All too often, after a serious accident or fatal injury, a parent or loved one will discover that reliance on a helmet to keep a worker, student athlete, professional player, or riding enthusiast safe was a flawed assumption. Helmets may be marketed as being very safe and they may feel like they’re very protective when they are worn, but the reality is that no helmet on the market today can prevent a concussion or traumatic brain injury (TBI).
For more, read our previous post “Helmets and Head Injuries: Construction, Football, Bicycles, Motorcycles, and More.”
It is true that advancements in helmet design are working to make safer head gear. High impact forces are better absorbed with the latest in helmet materials, granted. These can mean that a broken bone in the head, in other words a skull fracture, is avoided. It may not mean that the brain has been spared from injury. A serious concussion or traumatic brain injury can result even if the skull is not fractured.
The force and spin and jarring movement of a serious head injury can harm the human brain even if the helmet is being worn at the time.
Football Helmets and Head Injury
We’ve been monitoring the serious situation of football helmets and traumatic brain injuries here for several years. For more information about how truly horrific the current concussion risks and permanent brain injury dangers that face any age of football player (from child to pro), read our posts which include:
- Brain Injuries to Kids and Teens From TBI Concussions Suffered While Playing Football, Hockey: Sports Helmets Do Not Prevent Permanent Injury to Brain;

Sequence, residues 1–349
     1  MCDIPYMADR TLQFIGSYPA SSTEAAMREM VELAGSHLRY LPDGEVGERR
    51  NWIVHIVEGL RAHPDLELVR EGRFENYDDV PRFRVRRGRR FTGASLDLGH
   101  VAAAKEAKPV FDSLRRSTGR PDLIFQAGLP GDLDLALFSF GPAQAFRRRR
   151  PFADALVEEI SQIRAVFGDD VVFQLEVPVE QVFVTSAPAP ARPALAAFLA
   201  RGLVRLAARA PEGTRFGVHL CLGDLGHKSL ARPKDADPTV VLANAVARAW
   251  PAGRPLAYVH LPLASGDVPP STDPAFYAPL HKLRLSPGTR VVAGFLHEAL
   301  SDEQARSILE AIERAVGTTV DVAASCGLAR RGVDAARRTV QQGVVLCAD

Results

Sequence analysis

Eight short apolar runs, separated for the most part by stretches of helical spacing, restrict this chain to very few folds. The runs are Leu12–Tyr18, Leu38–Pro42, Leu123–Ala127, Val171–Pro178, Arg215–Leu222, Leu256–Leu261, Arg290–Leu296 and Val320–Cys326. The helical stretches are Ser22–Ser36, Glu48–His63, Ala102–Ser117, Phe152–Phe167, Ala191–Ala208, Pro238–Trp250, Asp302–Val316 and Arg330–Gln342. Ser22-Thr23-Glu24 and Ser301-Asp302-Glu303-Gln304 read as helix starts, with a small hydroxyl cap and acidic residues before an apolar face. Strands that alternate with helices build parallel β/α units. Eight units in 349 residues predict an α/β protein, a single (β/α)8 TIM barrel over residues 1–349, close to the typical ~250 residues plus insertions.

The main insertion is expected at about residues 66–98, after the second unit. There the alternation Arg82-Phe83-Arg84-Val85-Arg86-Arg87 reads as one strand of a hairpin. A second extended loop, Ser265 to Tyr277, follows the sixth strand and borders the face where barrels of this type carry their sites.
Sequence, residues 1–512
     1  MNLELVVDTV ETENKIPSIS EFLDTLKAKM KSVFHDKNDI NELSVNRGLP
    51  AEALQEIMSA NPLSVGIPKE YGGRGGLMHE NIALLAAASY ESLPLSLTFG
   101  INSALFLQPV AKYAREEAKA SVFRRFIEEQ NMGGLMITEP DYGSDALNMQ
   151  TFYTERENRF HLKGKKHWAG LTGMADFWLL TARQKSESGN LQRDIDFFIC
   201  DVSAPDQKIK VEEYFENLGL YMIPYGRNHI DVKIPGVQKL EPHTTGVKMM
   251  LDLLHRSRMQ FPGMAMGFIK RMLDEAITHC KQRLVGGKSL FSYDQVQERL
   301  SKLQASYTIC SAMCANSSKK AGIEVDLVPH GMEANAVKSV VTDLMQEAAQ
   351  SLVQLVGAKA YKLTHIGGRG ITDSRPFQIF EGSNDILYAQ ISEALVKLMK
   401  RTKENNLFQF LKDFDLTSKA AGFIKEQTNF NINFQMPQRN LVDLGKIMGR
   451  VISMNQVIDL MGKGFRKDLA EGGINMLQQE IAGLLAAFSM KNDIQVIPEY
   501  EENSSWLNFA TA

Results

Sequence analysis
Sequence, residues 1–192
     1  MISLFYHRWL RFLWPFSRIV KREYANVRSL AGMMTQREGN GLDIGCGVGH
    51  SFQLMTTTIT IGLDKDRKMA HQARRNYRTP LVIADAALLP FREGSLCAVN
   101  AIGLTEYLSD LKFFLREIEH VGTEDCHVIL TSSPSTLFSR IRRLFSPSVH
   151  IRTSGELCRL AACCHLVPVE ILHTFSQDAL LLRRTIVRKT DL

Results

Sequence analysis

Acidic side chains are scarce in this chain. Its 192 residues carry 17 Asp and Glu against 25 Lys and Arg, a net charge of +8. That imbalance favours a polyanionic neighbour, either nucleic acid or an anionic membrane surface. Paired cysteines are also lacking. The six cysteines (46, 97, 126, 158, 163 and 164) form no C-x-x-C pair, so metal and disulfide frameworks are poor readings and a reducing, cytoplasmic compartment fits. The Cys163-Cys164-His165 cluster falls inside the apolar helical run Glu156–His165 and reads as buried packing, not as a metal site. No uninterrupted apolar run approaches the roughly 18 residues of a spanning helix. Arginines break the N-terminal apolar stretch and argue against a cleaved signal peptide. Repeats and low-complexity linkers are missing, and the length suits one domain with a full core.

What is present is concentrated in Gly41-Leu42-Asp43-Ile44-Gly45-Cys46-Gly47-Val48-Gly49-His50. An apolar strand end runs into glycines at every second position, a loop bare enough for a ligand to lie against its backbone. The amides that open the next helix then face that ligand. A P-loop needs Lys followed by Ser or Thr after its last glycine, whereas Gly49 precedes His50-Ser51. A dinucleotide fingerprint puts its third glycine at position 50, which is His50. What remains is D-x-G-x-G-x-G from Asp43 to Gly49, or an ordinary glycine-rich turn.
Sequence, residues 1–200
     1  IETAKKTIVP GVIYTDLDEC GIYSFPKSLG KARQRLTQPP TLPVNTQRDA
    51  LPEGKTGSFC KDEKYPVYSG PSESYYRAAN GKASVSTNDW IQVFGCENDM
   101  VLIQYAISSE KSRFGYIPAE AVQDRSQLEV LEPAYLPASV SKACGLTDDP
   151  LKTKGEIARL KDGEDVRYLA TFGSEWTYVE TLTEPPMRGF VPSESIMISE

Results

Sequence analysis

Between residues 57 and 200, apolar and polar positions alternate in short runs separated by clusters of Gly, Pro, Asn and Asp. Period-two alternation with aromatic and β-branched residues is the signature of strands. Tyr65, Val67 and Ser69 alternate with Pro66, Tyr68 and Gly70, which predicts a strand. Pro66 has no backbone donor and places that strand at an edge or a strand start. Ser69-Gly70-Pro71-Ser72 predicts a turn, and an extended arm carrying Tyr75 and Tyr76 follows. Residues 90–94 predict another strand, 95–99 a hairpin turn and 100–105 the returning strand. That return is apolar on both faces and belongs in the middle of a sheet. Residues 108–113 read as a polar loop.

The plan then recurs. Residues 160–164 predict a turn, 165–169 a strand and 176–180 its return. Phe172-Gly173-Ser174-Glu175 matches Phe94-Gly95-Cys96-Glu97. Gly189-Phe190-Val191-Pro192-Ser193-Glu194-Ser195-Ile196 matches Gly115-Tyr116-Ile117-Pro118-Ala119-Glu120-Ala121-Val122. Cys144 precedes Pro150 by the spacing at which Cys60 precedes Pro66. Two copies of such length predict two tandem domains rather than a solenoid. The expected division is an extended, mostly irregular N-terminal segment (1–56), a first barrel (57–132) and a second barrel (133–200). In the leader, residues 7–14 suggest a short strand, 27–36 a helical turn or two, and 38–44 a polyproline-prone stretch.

- NFL Helmet Concussion Settlement Finalized: School Football and College Team Helmet Concussion Injuries Still a Serious Danger in 2014; and
- New Gizmos to Fight Traumatic Brain Injuries and Sports Concussions.
Helmets in football are vital. No one should play on the football field without one; that goes without saying. Still, football is such a dangerous sport that head injuries, even minor ones, are commonplace. It’s important for all football players to try and avoid being hit on the head (like in heads up playing).
Moreover, it’s important that football helmets be inspected regularly to make certain that they are working properly for the player. For instance, according to the National Federation of State High School Associations:
1. The football helmet should not prevent the wearer’s field of vision both looking side to side and looking ahead.
2. The football helmet should sit comfortably on the head and the ear holes should align with the wearer’s ears.
3. Chin straps on the football helmet should not be loose; they need to be a snug fit.
4. The football helmet should not slide on the head once the chin strap is snapped into place.
5. The football helmet should meet with the wearer’s head without any gaps. The pads should be touching the head inside the football helmet.
Get Free Phone App to Check for Concussion Symptoms at Site of Accident or Injury
Today, there is a free app offered by the Centers for Disease Control and Prevention (CDC) which can help bystanders and loved ones determine if a loved one has a potential head injury and concussion. Called the “HEADS UP” app, you can download it for free here. The app works to give details on symptoms and signals that there is possible head injury and what to do if it appears there is a concussion or head injury.